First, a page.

This paragraph discusses "DVD-ROM compatibility," or playability of already recorded media in legacy units. Blank media compatibility issues, or cases such as failure to start or fulfill recording because of poor media support by burner firmware, are beyond the current scope. Turn to your vendor for list of supported media and/or to the public to share your experience.
In order to optimize seek times DVD[-ROM] players
calibrate their mechanics every time the media is loaded by sliding
the optical head some place, picking up the signal and noting the
physical block address underneath the lens. In order for this procedure
to work with re-writable/recordable media, that particular spot has to
be written to [or de-iced in DVD+RW terms]. Some units slide the head to
30mm [radial] to calibrate, some to 35mm. In order to keep such players
"happy," make sure that at least 1GB is written [before you
attempt to mount it in
Other units attempt to seek to lead-out [or vicinity
of it] for calibration purposes. Now the catch is that it's perfectly
possible to produce a DVD+RW disc without lead-out. Most notably media
initially formatted with
dvd+rw-format -lead-out /dev/scdN
which relocates the lead-out next to outermost written sector as well as makes sure there is no virgin surface before it. Previously written data is not affected by this operation.
Then non-finalized DVD+R and Sequential
|(*)||Well, there are lead-outs at the session edges, but the problem is that "End Physical Sector Number of Data Area" field in "Control Data Zone" of the lead-in contains address of the largest media sector, which makes affected DVD[-ROM] players calibrate at the outermost edge instead of the first session. Actually I fail to understand why don't they burn the address of last sector of the first session in the lead-in even on multisession discs...|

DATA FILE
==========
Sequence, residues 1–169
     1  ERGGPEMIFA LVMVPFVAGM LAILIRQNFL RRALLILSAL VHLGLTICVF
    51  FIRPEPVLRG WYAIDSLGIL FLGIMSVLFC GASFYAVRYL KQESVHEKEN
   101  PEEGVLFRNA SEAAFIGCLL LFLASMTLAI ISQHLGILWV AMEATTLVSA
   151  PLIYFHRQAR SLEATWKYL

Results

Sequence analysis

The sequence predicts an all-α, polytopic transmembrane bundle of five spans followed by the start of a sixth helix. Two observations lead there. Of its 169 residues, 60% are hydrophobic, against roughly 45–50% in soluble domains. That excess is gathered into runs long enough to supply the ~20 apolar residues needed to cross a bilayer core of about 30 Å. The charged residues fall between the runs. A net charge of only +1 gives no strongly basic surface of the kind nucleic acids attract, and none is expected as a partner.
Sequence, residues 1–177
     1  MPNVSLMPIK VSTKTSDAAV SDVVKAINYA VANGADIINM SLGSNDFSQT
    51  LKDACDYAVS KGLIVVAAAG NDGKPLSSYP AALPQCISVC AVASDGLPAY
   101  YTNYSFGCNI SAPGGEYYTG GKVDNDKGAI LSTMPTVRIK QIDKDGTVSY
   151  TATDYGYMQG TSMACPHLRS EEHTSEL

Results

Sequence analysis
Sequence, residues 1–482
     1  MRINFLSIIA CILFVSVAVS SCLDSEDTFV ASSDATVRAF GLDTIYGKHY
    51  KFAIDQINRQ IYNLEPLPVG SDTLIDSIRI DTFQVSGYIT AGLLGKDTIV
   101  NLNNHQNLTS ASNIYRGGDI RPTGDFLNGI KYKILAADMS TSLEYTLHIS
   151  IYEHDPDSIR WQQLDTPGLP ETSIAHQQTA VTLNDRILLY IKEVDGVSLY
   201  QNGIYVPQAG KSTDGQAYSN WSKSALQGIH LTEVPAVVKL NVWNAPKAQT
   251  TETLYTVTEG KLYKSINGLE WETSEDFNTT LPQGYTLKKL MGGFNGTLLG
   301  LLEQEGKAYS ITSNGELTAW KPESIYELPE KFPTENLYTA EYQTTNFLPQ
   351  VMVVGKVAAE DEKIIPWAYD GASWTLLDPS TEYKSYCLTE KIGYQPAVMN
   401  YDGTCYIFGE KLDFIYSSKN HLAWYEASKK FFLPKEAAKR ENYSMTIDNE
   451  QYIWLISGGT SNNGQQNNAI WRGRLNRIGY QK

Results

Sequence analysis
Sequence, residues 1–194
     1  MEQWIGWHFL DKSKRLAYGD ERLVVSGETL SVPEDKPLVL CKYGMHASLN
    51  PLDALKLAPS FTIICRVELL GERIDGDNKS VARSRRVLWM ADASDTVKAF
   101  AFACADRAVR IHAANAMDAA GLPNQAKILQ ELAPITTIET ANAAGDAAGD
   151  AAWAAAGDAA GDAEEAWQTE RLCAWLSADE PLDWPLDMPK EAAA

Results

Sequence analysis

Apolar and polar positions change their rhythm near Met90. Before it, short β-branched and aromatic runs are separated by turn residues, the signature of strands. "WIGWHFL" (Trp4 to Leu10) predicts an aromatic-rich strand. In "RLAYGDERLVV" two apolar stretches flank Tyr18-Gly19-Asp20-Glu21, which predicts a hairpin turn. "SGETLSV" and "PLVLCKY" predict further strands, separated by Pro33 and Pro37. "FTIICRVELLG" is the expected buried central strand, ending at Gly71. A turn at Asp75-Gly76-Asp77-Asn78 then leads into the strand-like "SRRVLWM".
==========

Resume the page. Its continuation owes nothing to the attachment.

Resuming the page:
|(**)||But beware the 4GB limit!
If 4GB is already an issue, or if you don't feel like throwing
unrelated data on the media in question, then invoke 'growisofs
-M /dev/scd0=/dev/zero' (supported by 5.6 and later).
Alternative is to re-master the whole volume, naturally with
|(***)||E.g. when mastering DVD-Video disc:-) Note that -dvd-video option [passed to mkisofs] engages -dvd-compat automatically.|
Then we have logical format compatibility
issue(s). Probably the very ground for all the controversy around
DVD+RW, rather around DVD+RW media not being playable in a whole range
of players. DVD+RW Alliance was keen to blame on DVD-ROM vendors, even